If you have a single country, using the CPI to deflate values does not create a serious issue with the base year. Changing the base just changes the levels of the numbers, but they are are multiplied by the same amount. This means that rankings of prices are the same.
If you convert to a single currency, which one you pick does not matter for ordering the prices. For example, it does not matter whether you choose to convert all prices to Canadian dollars or US dollars, if the price is more expensive in one country in one currency, it will also be more expensive in the other.
This equivalence breaks down when you want to inflation adjust across countries. The choice of the currency for the inflation index affects the comparability. For example, imagine that the exchange rate between two countries in unchanged between two periods, yet the inflation rate is different. The scaling ratio between the two time periods depends on which country’s inflation index you choose. (I don’t think the choice of base year matters other than by applying a scaling factor.)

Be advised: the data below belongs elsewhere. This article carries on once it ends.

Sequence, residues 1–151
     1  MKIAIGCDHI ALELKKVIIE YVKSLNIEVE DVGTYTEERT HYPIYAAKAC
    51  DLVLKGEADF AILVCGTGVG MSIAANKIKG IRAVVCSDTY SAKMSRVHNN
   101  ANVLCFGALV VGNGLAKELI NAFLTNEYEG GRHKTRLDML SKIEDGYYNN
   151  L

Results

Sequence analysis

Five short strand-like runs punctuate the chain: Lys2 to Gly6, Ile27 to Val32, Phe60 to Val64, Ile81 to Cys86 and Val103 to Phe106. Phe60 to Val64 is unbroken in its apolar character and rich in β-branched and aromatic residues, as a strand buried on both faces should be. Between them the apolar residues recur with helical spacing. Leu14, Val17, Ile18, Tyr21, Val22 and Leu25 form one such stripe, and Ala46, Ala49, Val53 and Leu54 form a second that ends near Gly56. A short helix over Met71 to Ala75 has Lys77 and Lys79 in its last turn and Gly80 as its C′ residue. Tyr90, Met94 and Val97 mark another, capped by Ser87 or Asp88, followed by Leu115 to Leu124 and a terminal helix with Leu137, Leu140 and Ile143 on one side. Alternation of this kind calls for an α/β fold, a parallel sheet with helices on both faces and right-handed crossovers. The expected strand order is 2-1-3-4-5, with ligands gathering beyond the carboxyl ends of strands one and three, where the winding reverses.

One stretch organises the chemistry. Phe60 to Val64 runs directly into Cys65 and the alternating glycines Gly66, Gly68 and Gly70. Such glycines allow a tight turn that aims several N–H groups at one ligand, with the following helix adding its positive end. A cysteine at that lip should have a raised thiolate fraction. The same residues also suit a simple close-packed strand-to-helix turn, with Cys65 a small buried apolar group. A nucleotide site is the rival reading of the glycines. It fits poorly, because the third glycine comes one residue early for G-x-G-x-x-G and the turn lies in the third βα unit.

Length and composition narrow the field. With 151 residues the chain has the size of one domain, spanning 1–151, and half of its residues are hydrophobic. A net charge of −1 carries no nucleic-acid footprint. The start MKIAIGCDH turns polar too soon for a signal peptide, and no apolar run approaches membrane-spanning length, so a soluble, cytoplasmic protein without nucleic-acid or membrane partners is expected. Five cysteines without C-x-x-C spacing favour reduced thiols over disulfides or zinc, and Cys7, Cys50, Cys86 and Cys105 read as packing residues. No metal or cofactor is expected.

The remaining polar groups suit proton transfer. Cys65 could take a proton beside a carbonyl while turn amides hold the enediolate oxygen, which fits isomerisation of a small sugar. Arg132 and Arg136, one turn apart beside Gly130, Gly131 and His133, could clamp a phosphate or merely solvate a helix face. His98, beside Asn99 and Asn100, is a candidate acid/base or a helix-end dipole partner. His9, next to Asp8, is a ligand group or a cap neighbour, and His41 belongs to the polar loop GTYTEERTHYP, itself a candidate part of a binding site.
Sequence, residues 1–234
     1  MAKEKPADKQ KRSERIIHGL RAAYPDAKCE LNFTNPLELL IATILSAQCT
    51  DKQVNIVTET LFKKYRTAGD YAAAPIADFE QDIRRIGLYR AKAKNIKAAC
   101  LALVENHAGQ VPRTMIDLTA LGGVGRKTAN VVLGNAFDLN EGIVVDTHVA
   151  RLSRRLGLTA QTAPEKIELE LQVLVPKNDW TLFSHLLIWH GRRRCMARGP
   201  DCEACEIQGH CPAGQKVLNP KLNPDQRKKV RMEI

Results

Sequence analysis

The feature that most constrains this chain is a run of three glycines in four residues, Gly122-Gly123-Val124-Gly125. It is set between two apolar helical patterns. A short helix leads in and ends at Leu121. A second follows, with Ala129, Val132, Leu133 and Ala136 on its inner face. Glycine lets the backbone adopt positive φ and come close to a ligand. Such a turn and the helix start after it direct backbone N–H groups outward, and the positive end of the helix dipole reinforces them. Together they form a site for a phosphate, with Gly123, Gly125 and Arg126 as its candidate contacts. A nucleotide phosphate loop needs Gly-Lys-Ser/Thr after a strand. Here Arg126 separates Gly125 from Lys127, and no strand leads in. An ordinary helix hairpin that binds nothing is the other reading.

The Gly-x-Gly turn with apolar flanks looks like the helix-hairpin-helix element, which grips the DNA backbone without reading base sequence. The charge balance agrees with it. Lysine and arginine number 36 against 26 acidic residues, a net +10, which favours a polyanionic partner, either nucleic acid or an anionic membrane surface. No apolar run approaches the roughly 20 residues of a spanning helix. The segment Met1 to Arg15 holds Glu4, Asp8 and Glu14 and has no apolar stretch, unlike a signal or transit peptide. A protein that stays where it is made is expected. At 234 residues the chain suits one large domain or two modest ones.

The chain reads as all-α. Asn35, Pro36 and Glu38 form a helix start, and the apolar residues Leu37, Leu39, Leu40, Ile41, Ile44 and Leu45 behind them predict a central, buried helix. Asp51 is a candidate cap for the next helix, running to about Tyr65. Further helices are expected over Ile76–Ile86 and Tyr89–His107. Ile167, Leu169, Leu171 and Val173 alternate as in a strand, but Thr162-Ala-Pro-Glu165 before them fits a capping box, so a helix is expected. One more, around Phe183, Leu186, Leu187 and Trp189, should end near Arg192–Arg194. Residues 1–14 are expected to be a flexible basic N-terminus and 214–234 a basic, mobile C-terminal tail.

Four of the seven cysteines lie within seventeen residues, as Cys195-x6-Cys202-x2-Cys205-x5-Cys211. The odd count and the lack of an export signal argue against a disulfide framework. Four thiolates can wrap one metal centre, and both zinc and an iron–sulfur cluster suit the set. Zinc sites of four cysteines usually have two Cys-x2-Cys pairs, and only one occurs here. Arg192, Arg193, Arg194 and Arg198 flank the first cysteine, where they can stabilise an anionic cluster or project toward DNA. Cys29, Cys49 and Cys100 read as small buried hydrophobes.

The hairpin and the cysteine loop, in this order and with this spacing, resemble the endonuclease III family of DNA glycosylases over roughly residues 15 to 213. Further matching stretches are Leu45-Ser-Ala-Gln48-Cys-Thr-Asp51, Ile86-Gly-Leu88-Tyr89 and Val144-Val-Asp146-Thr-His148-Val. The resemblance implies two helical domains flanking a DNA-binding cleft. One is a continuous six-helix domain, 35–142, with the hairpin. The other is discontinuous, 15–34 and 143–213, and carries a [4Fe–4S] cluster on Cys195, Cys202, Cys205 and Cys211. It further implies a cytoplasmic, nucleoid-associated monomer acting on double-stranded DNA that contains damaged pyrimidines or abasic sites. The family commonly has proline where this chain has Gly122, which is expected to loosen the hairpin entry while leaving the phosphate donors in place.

(If exchange rates followed relative inflation exactly, the country for the inflation index would not matter.)
There are different approaches you could try. I’ve never run into this kind of comparison before, so I have no idea what the accepted practice is. I would look at what you are trying to compare, and see what the best basis of comparison is. One approach is to not use a CPI index, and instead use a particular price to scale quantities, such as an average hourly wage. (This would imply that all prices are converted to the equivalent number of hours of wages that the price represents.) This converts prices to a meaningful unit, and not some arbitrary CPI indexation factor.